William Cohan has written a new book about Goldman Sachs.
We haven't read it, but others have and are dribbling out interesting facts.
Among them are these:
1) Goldman has an ominous-sounding 'reputational risk' department staffed by detectives which investigates new hires
Bloomberg's review of Cohan's book makes Goldman sound both arcane and intimidating.
It claims that Cohan Goldman developed a, 'reputational risk department, staffed by former CIA operatives and private investigators," which, 'vetted new hires and policed employees who got out of line.'
More ominously, it suggests this reputational risk department created the impression that bad things would happen to employees who discredited the firm. A former Goldman trader is quoted as saying 'they' wouldn't, "come to my house and beat me up or something or kill my children." But, 'they' would: "Drag you through court or do something to screw up your life. If you did anything to hurt that firm in any way, all bets were off."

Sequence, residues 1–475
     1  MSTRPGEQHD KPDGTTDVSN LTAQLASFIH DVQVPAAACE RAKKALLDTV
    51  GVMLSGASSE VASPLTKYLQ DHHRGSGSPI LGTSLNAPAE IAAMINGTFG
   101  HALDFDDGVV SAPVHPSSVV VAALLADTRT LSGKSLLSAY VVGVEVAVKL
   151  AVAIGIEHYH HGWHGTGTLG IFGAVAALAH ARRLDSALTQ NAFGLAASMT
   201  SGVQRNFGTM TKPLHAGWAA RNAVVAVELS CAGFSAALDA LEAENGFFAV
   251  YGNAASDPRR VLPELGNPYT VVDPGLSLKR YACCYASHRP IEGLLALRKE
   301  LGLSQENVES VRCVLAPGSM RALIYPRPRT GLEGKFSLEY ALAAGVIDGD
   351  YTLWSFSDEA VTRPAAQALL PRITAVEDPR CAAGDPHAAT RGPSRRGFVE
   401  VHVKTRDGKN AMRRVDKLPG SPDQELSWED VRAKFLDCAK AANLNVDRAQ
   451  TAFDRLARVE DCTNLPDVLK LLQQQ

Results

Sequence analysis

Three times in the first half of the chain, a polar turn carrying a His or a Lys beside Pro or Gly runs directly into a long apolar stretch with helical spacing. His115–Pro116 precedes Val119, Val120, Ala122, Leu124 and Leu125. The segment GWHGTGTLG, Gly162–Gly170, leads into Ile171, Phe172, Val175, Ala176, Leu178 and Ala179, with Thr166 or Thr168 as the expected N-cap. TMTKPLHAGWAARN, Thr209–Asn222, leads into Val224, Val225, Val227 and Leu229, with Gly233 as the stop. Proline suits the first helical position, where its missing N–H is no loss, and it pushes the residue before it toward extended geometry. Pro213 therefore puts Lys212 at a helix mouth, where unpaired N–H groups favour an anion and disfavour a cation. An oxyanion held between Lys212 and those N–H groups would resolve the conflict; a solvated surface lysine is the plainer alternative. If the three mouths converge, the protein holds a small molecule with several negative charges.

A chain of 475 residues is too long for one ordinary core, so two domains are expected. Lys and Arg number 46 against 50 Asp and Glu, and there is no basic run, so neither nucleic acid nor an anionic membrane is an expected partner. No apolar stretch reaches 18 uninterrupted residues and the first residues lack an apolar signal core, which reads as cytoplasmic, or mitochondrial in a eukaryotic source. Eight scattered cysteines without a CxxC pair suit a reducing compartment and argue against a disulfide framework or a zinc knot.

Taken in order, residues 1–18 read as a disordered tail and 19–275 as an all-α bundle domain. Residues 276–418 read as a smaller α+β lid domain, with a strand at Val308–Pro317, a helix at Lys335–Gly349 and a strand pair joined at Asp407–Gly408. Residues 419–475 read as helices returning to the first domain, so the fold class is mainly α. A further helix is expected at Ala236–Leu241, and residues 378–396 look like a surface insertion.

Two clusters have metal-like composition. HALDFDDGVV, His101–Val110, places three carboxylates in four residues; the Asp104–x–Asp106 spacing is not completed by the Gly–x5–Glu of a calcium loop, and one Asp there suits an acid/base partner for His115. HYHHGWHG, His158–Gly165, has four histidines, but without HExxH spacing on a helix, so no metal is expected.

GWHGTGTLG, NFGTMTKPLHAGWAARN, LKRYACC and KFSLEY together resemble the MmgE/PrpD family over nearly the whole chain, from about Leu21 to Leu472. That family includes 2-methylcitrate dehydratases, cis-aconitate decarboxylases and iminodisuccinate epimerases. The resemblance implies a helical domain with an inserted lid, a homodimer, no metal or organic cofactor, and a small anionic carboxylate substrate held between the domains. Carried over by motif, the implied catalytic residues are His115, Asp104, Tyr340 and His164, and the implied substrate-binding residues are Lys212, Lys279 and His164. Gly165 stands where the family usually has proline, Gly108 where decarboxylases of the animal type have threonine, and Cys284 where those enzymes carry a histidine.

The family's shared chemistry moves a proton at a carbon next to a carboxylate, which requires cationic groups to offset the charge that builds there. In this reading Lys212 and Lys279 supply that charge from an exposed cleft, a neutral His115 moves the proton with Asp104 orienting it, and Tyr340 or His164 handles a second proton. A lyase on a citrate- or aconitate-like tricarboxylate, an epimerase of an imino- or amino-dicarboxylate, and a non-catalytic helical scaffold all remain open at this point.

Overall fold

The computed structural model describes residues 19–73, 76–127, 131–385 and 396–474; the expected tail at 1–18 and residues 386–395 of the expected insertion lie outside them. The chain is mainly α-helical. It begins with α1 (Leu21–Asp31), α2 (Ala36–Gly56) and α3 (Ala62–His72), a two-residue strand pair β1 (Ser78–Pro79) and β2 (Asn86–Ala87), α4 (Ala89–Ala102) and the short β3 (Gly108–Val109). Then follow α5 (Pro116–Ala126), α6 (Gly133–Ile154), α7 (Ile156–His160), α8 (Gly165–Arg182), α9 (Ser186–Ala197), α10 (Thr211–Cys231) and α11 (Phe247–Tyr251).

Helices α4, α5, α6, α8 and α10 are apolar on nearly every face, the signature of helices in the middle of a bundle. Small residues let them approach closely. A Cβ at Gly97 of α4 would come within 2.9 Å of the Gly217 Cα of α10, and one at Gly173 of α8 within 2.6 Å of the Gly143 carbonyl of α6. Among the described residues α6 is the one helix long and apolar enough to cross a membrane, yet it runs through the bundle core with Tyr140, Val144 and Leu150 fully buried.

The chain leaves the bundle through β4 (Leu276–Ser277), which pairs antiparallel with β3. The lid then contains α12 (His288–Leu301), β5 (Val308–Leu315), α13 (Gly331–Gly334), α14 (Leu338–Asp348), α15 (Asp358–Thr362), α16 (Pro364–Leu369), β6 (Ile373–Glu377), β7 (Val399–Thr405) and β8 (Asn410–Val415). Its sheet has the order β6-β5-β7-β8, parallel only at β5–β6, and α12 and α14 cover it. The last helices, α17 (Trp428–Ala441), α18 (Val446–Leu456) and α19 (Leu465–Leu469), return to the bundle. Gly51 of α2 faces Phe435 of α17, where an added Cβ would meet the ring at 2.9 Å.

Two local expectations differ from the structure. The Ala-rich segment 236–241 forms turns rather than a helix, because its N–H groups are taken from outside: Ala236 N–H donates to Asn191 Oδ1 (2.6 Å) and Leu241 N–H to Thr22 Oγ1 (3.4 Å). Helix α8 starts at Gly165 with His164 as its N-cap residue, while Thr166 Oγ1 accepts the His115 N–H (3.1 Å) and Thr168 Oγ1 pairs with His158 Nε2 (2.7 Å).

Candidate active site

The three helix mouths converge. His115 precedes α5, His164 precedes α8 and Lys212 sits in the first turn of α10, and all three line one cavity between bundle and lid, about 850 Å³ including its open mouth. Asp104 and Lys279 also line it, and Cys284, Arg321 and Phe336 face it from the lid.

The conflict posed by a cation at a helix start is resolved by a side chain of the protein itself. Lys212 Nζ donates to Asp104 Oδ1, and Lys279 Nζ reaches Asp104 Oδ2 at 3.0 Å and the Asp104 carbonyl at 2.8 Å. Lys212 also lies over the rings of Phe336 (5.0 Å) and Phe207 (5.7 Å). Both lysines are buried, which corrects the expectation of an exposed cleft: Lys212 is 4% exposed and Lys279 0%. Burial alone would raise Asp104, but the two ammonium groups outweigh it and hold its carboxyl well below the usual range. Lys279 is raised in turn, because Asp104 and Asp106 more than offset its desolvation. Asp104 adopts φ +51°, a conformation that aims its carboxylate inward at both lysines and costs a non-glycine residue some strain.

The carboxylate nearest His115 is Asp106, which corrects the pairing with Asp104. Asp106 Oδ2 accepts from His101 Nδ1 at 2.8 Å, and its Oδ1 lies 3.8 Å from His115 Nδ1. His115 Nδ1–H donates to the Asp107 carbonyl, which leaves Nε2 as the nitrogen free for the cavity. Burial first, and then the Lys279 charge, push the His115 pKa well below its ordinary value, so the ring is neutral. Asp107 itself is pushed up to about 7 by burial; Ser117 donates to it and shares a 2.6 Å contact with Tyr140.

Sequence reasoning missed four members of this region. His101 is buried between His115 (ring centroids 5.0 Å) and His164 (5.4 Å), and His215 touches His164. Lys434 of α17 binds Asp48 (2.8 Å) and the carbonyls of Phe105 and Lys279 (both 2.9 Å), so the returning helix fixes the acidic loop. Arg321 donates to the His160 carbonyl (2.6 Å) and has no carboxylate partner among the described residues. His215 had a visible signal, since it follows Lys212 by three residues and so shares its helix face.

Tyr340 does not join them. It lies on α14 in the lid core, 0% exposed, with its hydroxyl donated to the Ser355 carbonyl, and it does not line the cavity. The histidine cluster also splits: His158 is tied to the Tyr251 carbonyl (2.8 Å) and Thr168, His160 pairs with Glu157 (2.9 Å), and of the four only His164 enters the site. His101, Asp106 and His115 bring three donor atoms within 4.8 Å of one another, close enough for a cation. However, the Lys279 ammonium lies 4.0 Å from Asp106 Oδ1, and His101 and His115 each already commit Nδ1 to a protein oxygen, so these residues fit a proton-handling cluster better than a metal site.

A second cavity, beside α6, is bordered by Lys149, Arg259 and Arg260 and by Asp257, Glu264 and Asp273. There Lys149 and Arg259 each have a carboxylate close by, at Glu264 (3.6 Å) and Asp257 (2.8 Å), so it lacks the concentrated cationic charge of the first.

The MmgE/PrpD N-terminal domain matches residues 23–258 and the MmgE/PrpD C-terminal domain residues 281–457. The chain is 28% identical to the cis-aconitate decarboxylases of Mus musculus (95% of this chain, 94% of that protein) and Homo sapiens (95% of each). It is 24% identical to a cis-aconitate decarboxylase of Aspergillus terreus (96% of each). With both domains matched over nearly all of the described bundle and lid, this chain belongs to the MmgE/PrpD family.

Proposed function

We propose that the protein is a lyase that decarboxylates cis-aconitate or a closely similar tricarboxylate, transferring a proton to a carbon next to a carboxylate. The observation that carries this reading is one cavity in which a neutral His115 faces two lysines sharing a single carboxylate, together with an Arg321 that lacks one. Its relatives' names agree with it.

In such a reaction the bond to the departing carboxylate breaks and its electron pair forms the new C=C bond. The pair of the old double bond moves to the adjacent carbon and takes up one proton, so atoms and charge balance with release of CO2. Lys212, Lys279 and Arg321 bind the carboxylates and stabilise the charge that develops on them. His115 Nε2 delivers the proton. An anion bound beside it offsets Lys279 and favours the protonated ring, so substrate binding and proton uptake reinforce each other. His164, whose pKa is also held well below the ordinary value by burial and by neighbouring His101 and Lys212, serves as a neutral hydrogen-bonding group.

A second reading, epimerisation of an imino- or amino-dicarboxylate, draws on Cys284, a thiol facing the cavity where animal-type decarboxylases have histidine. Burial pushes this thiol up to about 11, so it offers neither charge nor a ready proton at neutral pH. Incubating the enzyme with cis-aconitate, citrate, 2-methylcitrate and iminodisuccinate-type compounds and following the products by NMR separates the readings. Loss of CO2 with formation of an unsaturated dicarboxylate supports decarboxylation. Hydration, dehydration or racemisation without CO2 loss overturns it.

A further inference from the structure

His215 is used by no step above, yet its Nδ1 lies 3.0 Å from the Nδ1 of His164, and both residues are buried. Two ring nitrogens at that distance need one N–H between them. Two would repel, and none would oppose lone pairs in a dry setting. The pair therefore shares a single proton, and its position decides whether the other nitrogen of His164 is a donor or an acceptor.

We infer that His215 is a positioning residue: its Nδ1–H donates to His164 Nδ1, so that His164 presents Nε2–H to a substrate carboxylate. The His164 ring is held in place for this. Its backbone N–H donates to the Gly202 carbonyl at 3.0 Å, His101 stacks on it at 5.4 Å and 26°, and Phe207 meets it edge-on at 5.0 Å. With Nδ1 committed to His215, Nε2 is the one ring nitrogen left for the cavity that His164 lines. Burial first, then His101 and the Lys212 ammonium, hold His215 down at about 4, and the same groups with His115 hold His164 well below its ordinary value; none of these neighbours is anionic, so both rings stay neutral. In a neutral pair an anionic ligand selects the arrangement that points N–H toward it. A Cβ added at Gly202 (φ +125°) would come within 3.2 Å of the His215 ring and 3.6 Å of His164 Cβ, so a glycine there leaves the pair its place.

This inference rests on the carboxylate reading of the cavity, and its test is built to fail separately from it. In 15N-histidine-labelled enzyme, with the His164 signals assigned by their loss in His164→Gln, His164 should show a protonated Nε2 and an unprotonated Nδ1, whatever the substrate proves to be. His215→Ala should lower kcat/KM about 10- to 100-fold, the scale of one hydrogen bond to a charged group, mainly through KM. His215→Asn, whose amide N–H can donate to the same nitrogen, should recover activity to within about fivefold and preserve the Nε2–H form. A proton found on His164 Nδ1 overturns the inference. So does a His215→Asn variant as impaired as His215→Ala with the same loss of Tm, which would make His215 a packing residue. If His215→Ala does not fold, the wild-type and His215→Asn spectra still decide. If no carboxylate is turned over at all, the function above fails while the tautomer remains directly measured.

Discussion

2) The Goldman Sachs building in NY contains secret doors and hidden stairways
The Telegraph's review of Cohan's book makes Goldman sound like the labyrinth on Name of the Rose.
It claims that Lloyd Blankfein was escorted by a, 'beefy security guard,' to a private dining area via a, 'secret door,' leading to a, 'hidden staircase.'
We asked Goldman to comment on the claims in Cohan's book. It declined.
Actually, all banks will seriously scrutinise your past before hiring you
In reality, Goldman's alleged CIA staffed reputational risk department may be nothing unusual.
All banks check CVs and all are obliged to run simple background checks by regulators. One ex-senior corporate financier says these checks often go deeper than merely checking the dates of previous employment.
"One bank had Kroll doing some investigations into my past," he says. "They started questioning why I said I'd lived at a particular address when I wasn't on the electoral register there. I had to point out that was American and wasn't a UK citizen at that time."